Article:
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WaterSmart Living-Logo-San Diego County Water Authority

(Editor’s Note: The San Diego County Water Authority and its 24 member agencies offer programs, resources, and incentives to improve water-use efficiency for residential, commercial, and agricultural users. WaterSmart choices are a way of life in the region. Stay WaterSmart San Diego! For more water-use efficiency resources, go to WaterSmart.SD.org.)

Soil-WaterSmartSD-Drought, Landscape makeover

Get to Know Your Soil Conditions

Every individual landscape sits in one of San Diego County’s 16 watersheds. The watershed approach to landscaping considers every garden its own mini-watershed, holding onto or cleaning the water falling on it and nurturing a diverse habitat of plants and insects.

Each mini-watershed can be controlled by the people who steward it. Individual landscaping choices add up to collective community action. As a result, these collective actions have the ability to restore the county’s greater watersheds.

Every landscape has unique opportunities and constraints. A thorough evaluation helps to identify them and inform the planting and design choices. Spend time in your yard, observe and take notes about it. Identifying multiple site elements will help you make decisions as you start the design process.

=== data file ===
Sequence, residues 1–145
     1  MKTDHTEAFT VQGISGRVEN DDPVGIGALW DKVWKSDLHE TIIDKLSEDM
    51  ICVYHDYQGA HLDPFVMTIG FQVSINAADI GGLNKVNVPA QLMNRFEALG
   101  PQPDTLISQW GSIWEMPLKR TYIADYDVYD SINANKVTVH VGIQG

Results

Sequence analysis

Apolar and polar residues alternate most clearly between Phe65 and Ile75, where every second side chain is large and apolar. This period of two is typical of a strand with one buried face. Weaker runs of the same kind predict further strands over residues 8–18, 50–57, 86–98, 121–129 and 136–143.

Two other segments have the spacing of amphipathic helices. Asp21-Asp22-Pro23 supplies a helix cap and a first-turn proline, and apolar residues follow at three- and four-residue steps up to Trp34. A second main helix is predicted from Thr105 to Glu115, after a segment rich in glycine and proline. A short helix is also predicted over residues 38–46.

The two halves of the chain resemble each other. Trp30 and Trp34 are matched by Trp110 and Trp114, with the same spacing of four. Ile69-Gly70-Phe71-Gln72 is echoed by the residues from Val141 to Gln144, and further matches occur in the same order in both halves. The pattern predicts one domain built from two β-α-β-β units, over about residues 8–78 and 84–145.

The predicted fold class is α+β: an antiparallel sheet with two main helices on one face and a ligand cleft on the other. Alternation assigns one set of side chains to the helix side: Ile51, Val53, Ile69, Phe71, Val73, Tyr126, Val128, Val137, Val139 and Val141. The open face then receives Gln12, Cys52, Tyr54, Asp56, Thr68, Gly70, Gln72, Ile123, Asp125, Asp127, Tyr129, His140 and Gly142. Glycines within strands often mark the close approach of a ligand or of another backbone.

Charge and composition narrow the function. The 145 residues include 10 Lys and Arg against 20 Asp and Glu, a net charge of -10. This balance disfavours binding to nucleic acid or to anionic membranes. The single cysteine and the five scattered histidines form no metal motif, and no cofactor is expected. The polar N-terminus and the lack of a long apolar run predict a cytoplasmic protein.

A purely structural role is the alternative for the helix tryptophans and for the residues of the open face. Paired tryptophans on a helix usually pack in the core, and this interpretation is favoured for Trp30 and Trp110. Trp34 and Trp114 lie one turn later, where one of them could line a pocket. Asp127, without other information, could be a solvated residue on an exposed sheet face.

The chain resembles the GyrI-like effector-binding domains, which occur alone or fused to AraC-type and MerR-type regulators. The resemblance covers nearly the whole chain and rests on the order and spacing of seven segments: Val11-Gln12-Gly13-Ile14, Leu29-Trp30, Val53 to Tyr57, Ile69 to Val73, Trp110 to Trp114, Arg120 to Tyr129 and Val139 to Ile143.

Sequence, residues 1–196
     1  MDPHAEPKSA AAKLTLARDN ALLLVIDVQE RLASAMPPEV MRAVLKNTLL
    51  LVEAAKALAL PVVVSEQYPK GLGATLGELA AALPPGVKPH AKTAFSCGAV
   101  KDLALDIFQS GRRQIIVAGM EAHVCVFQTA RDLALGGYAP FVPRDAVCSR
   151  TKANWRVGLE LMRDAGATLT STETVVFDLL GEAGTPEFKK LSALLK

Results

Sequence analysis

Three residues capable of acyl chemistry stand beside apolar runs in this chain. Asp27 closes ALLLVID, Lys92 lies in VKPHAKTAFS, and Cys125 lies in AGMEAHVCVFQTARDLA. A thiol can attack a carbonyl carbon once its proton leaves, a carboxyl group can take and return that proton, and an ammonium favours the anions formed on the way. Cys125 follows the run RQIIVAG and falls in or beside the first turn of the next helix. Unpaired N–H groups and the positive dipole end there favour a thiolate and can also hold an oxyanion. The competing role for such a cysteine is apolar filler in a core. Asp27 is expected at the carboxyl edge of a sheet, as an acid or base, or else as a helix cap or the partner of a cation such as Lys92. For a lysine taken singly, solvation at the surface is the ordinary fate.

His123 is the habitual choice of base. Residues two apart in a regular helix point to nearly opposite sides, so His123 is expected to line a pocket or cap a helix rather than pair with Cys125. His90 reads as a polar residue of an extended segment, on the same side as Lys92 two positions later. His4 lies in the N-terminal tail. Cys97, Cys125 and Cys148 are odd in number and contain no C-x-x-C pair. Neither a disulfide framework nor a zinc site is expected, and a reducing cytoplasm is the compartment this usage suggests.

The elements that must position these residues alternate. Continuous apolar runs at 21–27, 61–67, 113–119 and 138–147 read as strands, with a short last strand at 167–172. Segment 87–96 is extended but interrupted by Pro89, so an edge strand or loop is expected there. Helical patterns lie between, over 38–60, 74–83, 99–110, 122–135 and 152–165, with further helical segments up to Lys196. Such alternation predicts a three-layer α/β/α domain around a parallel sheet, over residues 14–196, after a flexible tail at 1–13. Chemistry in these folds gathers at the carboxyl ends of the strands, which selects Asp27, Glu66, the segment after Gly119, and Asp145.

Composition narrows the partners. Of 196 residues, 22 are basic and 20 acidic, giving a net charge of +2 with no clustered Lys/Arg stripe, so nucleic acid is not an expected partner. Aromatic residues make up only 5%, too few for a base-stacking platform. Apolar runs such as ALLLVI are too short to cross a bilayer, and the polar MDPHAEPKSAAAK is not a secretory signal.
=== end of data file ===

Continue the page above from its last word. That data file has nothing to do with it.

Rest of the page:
Notes should include the home’s architectural style and materials, good and bad views, slopes, and plants and trees you want to protect. Locate utilities and major irrigation items such as your water meter, controller, and valves.

Start With Healthy Soil

There’s so much more to soil than most people new to landscaping projects realize. Soil is the growing medium for plants. Its nutrients support healthy plant growth. Knowing and working with existing soil conditions and composition is a powerful strategy to maximize water efficiency.

Healthy soil controls the behavior of water: how it moves through the soil and how long it holds on to it. Healthy soil is essential to irrigation efficiency and plant health. It’s possible to build better soil even if existing soil conditions aren’t optimal.

See a demonstration about soil conditions in this video.

First, you must figure out what kind of soil you’re working with. There are three basic soil types: clay, silt, and sand. Clay soil is made of the smallest particles.  Sandy soil is composed of the largest particles. Loam, an equal blend of sand, silt, and clay, is considered the ideal. In general, sandy soil drains faster than clay soils.

Soil structure is also vitally important. Hard, compacted sandy soil will not absorb water. Healthy clay soil can behave more like a sponge, holding and releasing water when necessary.

San Diego County residents must often deal with clay soils and work to improve them to provide the best growing conditions and watershed.

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WaterSmart Living-Logo-San Diego County Water Authority